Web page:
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  • Jenny Reitz Compere

Did You Know? (part 2)


In our first part of “Did You Know?” we learned that the HOH is not actually an orphanage. If you didn’t get a chance to read that one, maybe a take minute to go read that blog first. You can find it here. In it we talked about the medical and physical hope the HOH seeks to bring kids and youth in our area of Haiti. The goal of this part of our ministry is to get the kids healthy enough to return to their homes and families.


The days when a child is healthy, and their family comes to pick them up to take them back home are always happy days for us. Sometimes the families have not been able to come back and visit the kids since they left them with us, so the transformation from extremely sick to healthy and running around is always a great surprise for their parents. But this day does not come for every child. There are always exceptions where a child or youth cannot safely return to the home or environment where they came from.

For some of these kids, it is a health issue that doesn’t allow them to return to their homes. Some of them come from very tiny mountain villages where there is no health care around. If they need constant care, medicines, wheelchairs and such, this situation cannot work for them. Sometimes, the families just need some extra time to make arrangements to take the kids back home. Other times, their own economic situations don’t allow for that and we end up having the kids for an extended period of time.

Then there are the kids who come from difficult home situations. Each of these kid’s story is unique ranging from sad to tragic. Every time we think we’ve heard it all, a new child comes with a different difficult family situation. Over the years, kids have come to us from abusive situations, from blended families where they are not welcome, from tragic accidents caused by neglect and family quarrels. Some kids have been abandoned in a public place before they are brought to us and then there are the “Restavek” kids.

A “Restavek” (literally “stay with”) is a child who has been given by their families to another family to work as a slave in order to receive food and they are supposed to receive schooling, as well. Most often the reason their families place their kids in these situations is because they do not have the means to care for, nor feed them themselves. But, unfortunately, these placements are most often terrible situations where the child is not loved or cared for and these kids, most often girls, are really treated like they are the bottom rung of the social ladder. They are often mistreated, and they work long hours for very little food or pay. If they do get to go to school, they are sent to cheap, very low-quality schools where it is hard to receive even the most basic education.

In a more developed country, there are programs in place to rescue kids from these rough homes and tough situations and place them in more stable home. In our area of Haiti, this is not an option. If we sent these kids back to where they came from, it would be sending them back to these unhealthy situations.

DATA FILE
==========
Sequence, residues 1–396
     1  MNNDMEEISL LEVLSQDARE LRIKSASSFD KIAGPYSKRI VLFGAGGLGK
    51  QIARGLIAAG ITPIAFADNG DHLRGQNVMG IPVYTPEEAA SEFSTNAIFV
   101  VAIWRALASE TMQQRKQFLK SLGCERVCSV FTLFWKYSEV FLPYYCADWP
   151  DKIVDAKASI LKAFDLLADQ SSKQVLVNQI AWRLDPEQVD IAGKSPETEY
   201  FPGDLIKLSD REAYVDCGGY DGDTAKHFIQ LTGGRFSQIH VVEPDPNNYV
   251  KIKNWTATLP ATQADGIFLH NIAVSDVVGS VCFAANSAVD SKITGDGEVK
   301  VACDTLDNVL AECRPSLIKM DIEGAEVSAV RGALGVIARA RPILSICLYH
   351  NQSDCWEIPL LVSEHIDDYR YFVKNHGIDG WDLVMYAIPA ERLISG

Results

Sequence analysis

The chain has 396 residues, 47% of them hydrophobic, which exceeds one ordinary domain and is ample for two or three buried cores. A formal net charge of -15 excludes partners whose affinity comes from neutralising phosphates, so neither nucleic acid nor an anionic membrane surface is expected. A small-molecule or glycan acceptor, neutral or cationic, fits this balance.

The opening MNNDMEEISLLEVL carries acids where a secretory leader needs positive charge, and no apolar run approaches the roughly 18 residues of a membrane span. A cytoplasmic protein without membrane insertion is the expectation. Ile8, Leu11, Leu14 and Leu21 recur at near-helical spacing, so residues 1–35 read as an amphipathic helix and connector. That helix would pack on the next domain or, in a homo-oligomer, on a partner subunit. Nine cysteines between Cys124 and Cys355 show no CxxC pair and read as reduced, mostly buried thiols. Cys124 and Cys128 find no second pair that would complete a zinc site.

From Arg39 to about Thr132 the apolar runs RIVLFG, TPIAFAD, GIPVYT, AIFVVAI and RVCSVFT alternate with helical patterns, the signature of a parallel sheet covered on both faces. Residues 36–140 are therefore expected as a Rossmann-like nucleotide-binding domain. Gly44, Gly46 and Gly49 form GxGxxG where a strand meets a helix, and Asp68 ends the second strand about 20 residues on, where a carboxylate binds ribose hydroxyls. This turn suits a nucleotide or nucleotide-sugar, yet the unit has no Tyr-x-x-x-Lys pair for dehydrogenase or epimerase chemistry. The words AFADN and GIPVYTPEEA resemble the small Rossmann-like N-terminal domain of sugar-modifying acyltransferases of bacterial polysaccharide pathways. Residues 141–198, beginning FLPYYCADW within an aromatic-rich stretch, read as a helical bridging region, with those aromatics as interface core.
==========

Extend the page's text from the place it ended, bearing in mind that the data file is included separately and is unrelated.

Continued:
This is where, for lack of a better term, the “foster” part of the ministry of the HOH comes into play. We work together with the families to keep these kids until better arrangements can be made, or the situation at home changes. We understand that most often the best place for a child is with their family, but there are times when that isn’t a reality, and the HOH is a place that stands in the gap for these kids.

As much as is possible, we keep in touch with the families of these kids. When it is safe and possible the kids take trips to their homes to visit their families and friends. Sometimes, situations change, and we can work with the families to take the kids back to their homes. Sometimes, they don’t, and the kids end up growing up to adulthood with us at the HOH.

These are the kids we send to school in our local community, the kids who call us “Tatty” (Aunty) and even “Manman” (Mom). They grow up as brother and sisters, each coming from his/her unique background and each with their own unique needs, hurts, bumps and bruises. They can understand the hurts and needs of each other, because theirs might look a bit different, but everyone knows what its like to be broken and feel like there is no hope for them.

It is often a tough road of healing, as these kids learn to be loved and to love in return. Often they need to learn how to build relationship and how to get along with others. Linda is awesome at breaking through these tough shells and has learned how to show a balanced amount of love and toughness. Our biggest desire for these kids is for them to learn how much God loves them and that He sent His Son to save them and give them an abundant life with Him as their Hope.

On top of their physical and medical needs being taken care of, these kids also learn how to care for others and not just try to survive and get ahead themselves. They learn how to see life from a Kingdom perspective, of living life in a way that smells like Jesus (2 Cor. 2:15) as they interact with each other and with those in our local community. They have the chance to go to school and get a hope for their futures when they will need to support themselves and even help their own families.

Your support of the HOH allows us to bring all these kinds of hope to these special kids. We certainly could not do it without your partnerships in so many ways. Thank you for the part you play!

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The House of Hope is under the Union Evangelique Baptiste d'Haïti (UEBH) and is a department of Centre Medical Beraca